If the Treasury is to go on as it has been doing, I hesitate to think what will be the effect on the Army in two or three months' time. The chief subject of discussion will be the form put out by the Ministry of Pensions, and the chief difficulty will be the filling-up of these forms. I know this subject from two sides. I knew the Army extremely well in the last war, and I know the Army in this war. I have been serving with them for 15 months. I know the difficulties of the men, the difficulties of the Services. I know the difficulties of administration, because I have been acting on the staff, in administrative work, for the last 15 months. You are going to increase the difficulties very seriously. I also know the difficulties of the women who will have to fill up these forms, because I have spent much of my life as a doctor among the people living in small back streets who supply the bulk of the British Army. These women will not know how to fill up these forms, which are extremely confusing.

Let me go back to the point, which I think the Government have forgotten, that if you bring this scheme into operation you will very seriously upset the morale of the Services. The lull at present is a deceptive lull. We should always remember when there is such a lull that we are fighting not only for our lives and our institutions, but for the lives and instutions of free men everywhere. They depend upon us. Crass maladministration of the kind proposed to-day should not go through without the strong condemnation that it has had. I trust that the Minister will take this proposal back, that he will realise that it was a mistake and a badly-conceived scheme, and that he will have the courage to call in the T.U.C. to discuss the matter, so that he may have a scheme which is fair to everyone. After the Treasury have put up their point, if they disagree, let us remember that it is not they who should decide our destinies, but Parliament. In unhesitating words to-day, speaker after speaker has condemned this scheme. If the Government put this scheme into operation now, they will be condemned by the country.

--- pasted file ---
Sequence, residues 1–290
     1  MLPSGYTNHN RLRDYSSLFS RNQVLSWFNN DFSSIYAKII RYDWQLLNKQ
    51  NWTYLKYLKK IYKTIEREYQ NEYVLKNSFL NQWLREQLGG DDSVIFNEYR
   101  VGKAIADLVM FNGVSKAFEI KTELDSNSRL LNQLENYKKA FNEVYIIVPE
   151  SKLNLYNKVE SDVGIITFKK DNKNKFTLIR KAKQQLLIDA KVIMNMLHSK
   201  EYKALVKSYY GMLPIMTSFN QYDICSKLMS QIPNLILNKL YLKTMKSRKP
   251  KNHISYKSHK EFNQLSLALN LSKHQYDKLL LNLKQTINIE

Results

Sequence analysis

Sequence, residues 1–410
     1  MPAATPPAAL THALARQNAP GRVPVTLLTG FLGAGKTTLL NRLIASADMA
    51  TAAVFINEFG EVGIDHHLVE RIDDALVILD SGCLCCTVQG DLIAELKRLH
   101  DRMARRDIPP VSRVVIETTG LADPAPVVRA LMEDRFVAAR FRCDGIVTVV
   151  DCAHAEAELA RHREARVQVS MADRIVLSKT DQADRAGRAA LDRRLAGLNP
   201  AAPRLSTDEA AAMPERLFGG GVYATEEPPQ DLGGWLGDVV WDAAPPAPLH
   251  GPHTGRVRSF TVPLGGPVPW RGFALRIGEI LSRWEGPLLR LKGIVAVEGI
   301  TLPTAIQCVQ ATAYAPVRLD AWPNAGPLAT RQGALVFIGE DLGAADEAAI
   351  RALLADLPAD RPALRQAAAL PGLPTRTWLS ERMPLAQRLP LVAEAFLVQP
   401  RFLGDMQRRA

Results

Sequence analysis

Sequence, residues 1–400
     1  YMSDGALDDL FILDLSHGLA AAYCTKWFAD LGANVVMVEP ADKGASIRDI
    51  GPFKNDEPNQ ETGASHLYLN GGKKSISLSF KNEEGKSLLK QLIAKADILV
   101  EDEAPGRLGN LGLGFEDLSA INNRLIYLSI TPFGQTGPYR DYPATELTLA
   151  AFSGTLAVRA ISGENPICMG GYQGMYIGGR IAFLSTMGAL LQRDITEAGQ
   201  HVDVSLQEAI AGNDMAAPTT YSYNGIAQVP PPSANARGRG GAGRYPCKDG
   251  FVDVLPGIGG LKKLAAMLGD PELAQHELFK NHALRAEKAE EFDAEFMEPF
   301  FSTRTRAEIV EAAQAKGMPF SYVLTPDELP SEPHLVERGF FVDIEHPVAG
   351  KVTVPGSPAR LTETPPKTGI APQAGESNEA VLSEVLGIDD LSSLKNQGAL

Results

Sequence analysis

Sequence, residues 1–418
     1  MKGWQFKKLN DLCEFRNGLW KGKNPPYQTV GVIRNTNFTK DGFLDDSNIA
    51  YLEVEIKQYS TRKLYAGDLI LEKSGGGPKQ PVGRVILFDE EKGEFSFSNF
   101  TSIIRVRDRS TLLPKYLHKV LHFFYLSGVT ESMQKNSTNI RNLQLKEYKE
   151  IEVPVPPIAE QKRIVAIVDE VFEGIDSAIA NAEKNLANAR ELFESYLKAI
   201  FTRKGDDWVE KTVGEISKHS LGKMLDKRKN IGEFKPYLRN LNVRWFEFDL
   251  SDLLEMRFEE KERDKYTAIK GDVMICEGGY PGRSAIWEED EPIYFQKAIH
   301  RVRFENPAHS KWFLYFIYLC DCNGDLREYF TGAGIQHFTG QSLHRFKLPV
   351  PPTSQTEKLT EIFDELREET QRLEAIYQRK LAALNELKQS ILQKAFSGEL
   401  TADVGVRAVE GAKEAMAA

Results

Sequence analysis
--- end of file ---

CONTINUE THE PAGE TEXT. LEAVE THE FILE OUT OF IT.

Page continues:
Lieut.-Commander Gurney Braithwaite (Holderness)

Naturally, this Debate has centred chiefly upon the effect of these proposals on the Army. I obtained special leave to attend this Debate, as one who took no part in the recent campaign for increased allowances for officers, not because I had no sympathy with it, but because I thought that the case of an increase for the rank and file was considerably more urgent. I am gravely disappointed with this White Paper. I first raised this matter in the Budget Debate in 1940, and I put a question to the Prime Minister last month asking whether the Government would now consider a scheme for raising the basic rates of pay of the Services as a whole.